General Overviews

There are several good overviews of the Hokan stock. They fall into two types: general overviews of American indigenous languages devoting a chapter or section to Hokan languages, and specific overviews only dedicated to Hokan. The latter often provide a more detailed treatment of the topic. General reference work on American indigenous languages or California indigenous languages usually devote a section to genetic relationships, including a description of the Hokan stock and its languages. Three such important sources by prominent scholars are Campbell 1997, Golla 2011, and Mithun 1999. Mithun 1999 offers the most comprehensive overview of North American indigenous languages, while Golla 2011 zeros in on California indigenous languages, and Campbell 1997 focuses on the genetic relationships. Greenberg 1987 examines vocabulary lists and groups all indigenous languages of the Americas (except the Na-Dene and Eskimo-Aleut groups) as one family called Amerind in his bold and widely criticized proposal.

  • Campbell, Lyle. 1997. American Indian languages: The historical linguistics of native America. Oxford: Oxford Univ. Press.

    E-mail Citation »

    Overview of the languages of the Americas, with a focus on their genetic relationships. Useful and detailed survey of Hokan by a prominent scholar in historical linguistics. Includes an assessment of the Hokan hypotheses.

  • Golla, Victor. 2011. California Indian languages. Berkeley: Univ. of California Press.

    E-mail Citation »

    Comprehensive overview of California indigenous languages. Brief overview of Hokan proposals and literature, as well as descriptions of sources and linguistic structures for all California Hokan languages. Separate and very useful section devoted to the discussion of how each California Hokan language fits into the Hokan stock.

  • Greenberg, Joseph H. 1987. Language in the Americas. Stanford, CA: Stanford Univ. Press.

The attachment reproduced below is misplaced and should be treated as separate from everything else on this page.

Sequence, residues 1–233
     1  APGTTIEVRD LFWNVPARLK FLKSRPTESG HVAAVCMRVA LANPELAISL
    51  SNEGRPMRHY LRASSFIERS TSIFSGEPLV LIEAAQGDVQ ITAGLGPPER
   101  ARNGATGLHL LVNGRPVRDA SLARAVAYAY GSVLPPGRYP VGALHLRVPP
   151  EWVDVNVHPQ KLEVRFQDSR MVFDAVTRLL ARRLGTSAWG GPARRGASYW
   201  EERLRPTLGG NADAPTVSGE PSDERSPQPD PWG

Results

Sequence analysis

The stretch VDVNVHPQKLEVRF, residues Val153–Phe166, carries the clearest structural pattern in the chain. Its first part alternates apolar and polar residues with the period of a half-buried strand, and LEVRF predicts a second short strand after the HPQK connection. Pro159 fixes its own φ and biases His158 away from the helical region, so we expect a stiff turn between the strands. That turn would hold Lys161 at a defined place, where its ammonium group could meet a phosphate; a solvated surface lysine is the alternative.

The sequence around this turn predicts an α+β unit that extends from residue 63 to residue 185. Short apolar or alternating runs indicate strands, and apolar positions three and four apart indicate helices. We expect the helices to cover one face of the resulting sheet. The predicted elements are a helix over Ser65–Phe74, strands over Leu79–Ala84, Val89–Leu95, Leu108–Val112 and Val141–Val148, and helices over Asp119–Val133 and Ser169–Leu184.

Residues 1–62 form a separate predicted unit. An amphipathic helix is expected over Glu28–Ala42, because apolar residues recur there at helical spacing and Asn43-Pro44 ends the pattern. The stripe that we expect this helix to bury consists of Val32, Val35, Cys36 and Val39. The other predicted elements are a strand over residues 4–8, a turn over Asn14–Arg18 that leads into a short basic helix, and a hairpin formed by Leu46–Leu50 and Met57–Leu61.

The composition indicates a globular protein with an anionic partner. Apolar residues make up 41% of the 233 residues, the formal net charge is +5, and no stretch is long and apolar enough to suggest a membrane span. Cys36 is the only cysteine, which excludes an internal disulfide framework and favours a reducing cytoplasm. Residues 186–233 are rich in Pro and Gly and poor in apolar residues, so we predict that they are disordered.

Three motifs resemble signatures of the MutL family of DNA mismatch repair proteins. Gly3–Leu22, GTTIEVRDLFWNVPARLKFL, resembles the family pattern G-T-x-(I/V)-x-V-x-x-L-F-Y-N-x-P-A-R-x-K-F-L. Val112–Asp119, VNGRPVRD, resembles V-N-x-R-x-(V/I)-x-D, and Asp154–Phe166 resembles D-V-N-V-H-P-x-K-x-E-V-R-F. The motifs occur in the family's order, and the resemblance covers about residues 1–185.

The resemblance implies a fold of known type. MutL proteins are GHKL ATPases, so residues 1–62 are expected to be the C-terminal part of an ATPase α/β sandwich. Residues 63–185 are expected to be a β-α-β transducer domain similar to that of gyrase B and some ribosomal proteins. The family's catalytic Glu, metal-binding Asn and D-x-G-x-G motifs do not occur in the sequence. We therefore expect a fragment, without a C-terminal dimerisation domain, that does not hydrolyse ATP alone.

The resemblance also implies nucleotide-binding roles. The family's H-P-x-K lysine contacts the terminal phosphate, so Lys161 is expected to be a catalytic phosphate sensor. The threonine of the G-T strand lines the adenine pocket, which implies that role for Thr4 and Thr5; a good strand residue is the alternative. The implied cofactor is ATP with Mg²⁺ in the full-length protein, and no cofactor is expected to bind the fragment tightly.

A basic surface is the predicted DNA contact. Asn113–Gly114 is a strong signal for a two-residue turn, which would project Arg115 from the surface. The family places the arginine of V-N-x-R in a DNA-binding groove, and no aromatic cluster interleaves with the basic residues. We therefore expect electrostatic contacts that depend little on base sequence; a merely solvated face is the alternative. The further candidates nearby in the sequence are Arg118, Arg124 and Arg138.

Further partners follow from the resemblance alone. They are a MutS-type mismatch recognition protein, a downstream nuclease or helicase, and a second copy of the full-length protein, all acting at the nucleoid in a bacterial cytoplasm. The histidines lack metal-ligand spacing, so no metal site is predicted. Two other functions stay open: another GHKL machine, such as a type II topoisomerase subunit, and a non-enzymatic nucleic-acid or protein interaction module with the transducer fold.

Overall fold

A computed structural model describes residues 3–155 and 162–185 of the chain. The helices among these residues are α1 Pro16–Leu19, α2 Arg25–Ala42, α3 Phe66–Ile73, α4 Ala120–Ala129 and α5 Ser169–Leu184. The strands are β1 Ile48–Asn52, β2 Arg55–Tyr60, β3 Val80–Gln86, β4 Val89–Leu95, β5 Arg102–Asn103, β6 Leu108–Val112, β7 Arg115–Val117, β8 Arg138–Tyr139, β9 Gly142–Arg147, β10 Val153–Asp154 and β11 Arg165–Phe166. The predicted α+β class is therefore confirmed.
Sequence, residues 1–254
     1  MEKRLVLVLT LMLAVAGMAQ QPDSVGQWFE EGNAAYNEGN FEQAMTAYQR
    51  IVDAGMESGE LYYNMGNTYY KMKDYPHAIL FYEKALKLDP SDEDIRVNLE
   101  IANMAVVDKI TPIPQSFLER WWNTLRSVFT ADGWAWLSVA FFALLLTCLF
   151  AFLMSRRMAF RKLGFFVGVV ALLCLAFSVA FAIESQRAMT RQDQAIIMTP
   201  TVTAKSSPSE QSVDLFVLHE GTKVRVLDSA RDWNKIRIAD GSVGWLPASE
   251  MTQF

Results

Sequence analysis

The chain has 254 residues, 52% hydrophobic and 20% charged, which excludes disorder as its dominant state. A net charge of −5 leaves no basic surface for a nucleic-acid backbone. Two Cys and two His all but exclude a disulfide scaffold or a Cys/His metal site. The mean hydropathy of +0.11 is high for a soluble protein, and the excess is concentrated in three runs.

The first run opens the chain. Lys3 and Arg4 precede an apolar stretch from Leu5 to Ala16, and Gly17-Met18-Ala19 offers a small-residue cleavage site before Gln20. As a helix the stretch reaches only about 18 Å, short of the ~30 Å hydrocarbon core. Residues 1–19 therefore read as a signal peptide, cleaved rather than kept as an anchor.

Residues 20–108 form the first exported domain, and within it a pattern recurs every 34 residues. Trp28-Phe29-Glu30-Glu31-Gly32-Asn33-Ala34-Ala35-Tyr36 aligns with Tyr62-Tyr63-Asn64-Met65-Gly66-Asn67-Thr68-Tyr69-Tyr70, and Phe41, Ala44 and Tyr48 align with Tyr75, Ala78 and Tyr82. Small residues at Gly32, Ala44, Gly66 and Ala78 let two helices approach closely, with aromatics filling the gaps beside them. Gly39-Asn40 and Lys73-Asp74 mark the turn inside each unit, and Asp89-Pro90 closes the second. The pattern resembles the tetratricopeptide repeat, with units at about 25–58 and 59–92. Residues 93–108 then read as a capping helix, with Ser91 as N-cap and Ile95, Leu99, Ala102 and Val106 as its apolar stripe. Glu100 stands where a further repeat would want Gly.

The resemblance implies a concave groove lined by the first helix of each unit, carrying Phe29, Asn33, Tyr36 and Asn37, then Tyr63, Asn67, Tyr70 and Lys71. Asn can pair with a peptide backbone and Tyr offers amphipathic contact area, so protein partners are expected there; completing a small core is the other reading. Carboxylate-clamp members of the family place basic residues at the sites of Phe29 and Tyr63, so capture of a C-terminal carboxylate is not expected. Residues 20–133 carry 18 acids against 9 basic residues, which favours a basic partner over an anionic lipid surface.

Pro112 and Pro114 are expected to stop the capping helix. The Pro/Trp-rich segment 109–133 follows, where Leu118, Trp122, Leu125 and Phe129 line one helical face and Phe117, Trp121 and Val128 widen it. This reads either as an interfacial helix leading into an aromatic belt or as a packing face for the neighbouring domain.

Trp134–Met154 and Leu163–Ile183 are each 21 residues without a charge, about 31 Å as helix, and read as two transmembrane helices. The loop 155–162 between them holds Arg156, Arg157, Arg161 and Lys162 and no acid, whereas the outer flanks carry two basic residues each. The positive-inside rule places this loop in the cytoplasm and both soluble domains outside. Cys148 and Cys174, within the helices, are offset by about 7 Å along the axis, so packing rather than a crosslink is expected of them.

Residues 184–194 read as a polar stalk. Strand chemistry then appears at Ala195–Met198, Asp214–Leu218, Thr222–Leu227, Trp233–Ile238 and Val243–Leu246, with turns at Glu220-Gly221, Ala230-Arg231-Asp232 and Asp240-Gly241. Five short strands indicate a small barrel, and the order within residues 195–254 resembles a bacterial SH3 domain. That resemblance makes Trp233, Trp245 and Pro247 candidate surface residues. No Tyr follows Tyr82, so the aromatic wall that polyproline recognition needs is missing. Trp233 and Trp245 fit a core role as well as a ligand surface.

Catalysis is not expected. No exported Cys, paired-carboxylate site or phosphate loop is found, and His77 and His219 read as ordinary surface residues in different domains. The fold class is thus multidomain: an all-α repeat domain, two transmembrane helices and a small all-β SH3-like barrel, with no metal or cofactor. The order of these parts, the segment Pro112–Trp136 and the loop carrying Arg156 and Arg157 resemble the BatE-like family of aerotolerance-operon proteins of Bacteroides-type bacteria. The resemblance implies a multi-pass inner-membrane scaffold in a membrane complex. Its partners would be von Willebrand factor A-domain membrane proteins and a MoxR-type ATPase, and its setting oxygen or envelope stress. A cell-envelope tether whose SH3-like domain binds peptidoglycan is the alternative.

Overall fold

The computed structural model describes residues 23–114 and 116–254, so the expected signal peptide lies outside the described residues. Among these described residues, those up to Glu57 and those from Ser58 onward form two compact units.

E-mail Citation »

    Bold and criticized attempt at grouping all American indigenous languages (except the Na-Dene and Eskimo-Aleut groups) together as Amerind. Includes a brief overview of Hokan, which Greenberg lists as a subgroup of Amerind.

  • Mithun, Marianne. 1999. The languages of native North America. Cambridge, UK: Cambridge Univ. Press.

    E-mail Citation »

    Most comprehensive overview of North American indigenous languages, written by one of the most prominent scholars in the field. Includes a brief two-page historic overview of the Hokan proposals and brief grammatical descriptions for each of the North American Hokan languages.

back to top

Users without a subscription are not able to see the full content on this page. Please subscribe or login.

How to Subscribe

Oxford Bibliographies Online is available by subscription and perpetual access to institutions. For more information or to contact an Oxford Sales Representative click here.

Purchase an Ebook Version of This Article

Ebooks of the Oxford Bibliographies Online subject articles are available in North America via a number of retailers including Amazon, vitalsource, and more. Simply search on their sites for Oxford Bibliographies Online Research Guides and your desired subject article.

If you would like to purchase an eBook article and live outside North America please email onlinemarketing@oup.com to express your interest.

Article

Up

Down